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Exp Gerontol ; 162: 111747, 2022 06 01.
Article in English | MEDLINE | ID: covidwho-1739732


BACKGROUND: The use of telehealth has increased since the COVID-19 pandemic; however, the lack of reliable and valid tools to measure balance and gait remotely makes assessing these outcomes difficult. Thus, we investigated whether balance and gait measures used in clinical practice are reliable and valid when assessed remotely through telehealth. METHOD: In this pilot study, we investigated 15 healthy older adults who performed validated tests: Timed Up and Go simple, dual cognitive and motor tasks; Berg Balance Scale; Functional Gait Assessment and Dynamic Gait Index. The tests were assessed on two dates: (i) face-to-face, (ii) and remotely, via videoconference between 7 and 14 days after the initial assessment. Participants also undertook the Physiological Profile Assessment (PPA) to assess their risk of falling. Reliability was measured using intraclass correlation (ICC) two-way mixed with absolute agreement to contrast the score of the assessments undertaken face-to-face and remotely in real-time and recorded. We also assessed inter-rater reliability. Criterion validity was measured using Pearson correlation between the tests that were undertaken remotely and PPA. RESULTS: All tests showed good reliability between face-to-face and real-time telehealth (ICC = 0.79-0.87) and face-to-face and recorded telehealth (ICC = 0.78-0.88) assessments and good to excellent inter-rater reliability (ICC = 0.80-1.00). Correlation between the tests and PPA were significantly (p < 0.05) moderate for real-time (r = -0.68-0.64) and recorded (r = -0.69-0.71) telehealth assessments. CONCLUSIONS: The good reliability between face-to-face and remote measurements together with moderate validity of these measures to assess fall risk suggest that health professionals could use these measures to evaluate the balance and gait of healthy older adults remotely.

COVID-19 , Telemedicine , Aged , COVID-19/diagnosis , Gait/physiology , Humans , Pandemics , Pilot Projects , Postural Balance/physiology , Reproducibility of Results
Australas J Ageing ; 41(3): e240-e248, 2022 Sep.
Article in English | MEDLINE | ID: covidwho-1672928


OBJECTIVES: To explore the impacts of the 2020 New Zealand COVID-19 lockdown on peer-led Steady as You Go (SAYGO) fall prevention exercise classes and members, and to develop recommendations for mitigating impacts during future lockdowns. METHODS: Semi-structured phone interviews were conducted with 20 SAYGO program participants and managers following the first COVID-19 lockdown in New Zealand. Interviews were audio-recorded, transcribed verbatim and analysed using the General Inductive Approach. RESULTS: Participants were between 67 and 88 years of age, predominantly female (90%) and NZ European (80%), with one participant identifying as NZ Maori. Three themes were constructed from the analysis: Personal Function and Well-Being, Class Functioning and Logistics, and Future Strategies for Classes During Prospective Lockdowns. Participants used a range of strategies to stay connected with each other and continue the SAYGO exercises at home. Most participants and peer-leaders reported that they maintained physical function during lockdown, although some had feelings of psychological distress and social isolation. Contact systems and resource distribution varied substantially between groups. Classes resumed post-lockdown with only minor modifications and slightly decreased attendance. CONCLUSIONS: Overall, members of this peer-led model of fall prevention classes demonstrated resilience during the COVID-19 lockdown, despite some challenges. We propose three recommendations to address the challenges of maintaining existing peer-led exercise classes in the context of prospective lockdowns: (1) develop a comprehensive contact detail register and plans for each group; (2) delivery of modified exercise classes remotely over lockdown; and (3) implementation of a nationwide IT education and resource program for older adults.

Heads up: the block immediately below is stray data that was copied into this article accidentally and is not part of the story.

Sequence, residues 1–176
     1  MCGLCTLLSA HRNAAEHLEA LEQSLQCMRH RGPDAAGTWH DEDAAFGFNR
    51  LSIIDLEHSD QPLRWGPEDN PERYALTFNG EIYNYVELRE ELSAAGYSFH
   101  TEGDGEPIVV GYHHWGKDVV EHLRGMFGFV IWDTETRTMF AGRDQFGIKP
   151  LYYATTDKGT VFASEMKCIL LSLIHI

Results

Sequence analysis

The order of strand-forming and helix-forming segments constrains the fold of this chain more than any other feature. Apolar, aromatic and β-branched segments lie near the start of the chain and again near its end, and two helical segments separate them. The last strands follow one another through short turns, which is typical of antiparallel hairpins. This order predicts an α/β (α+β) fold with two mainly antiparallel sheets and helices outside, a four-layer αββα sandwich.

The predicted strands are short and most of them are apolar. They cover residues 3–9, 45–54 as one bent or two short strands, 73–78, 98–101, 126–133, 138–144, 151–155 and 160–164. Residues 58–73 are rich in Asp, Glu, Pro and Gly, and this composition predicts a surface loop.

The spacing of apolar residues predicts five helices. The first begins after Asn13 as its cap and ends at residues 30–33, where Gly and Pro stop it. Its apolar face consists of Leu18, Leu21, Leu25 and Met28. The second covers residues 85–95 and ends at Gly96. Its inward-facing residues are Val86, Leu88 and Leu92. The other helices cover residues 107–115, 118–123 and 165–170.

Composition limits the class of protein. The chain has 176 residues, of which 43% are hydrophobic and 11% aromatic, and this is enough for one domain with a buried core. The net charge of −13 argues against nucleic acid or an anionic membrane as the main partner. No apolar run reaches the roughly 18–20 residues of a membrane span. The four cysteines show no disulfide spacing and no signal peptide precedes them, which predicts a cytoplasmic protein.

COVID-19 , Aged , COVID-19/epidemiology , COVID-19/prevention & control , Communicable Disease Control , Female , Humans , Male , New Zealand/epidemiology , Prospective Studies
Front Neurol ; 11: 604299, 2020.
Article in English | MEDLINE | ID: covidwho-961646


Governments around the globe have introduced quarantine, lockdown, and mandatory isolation to slow the transmission of COVID-19. These public health and policy measures aim to protect the public and vulnerable people. This perspective paper argues that the impacts of lockdown (such as social disconnection, reduced exercise, and fewer physiotherapy treatments) may be amplified for people with neurological conditions with subsequent increases in frailty. The paper outlines why this may occur, and explores how adverse impacts for these vulnerable populations may be minimized through strategies such as telehealth, exercise programs, and health policies.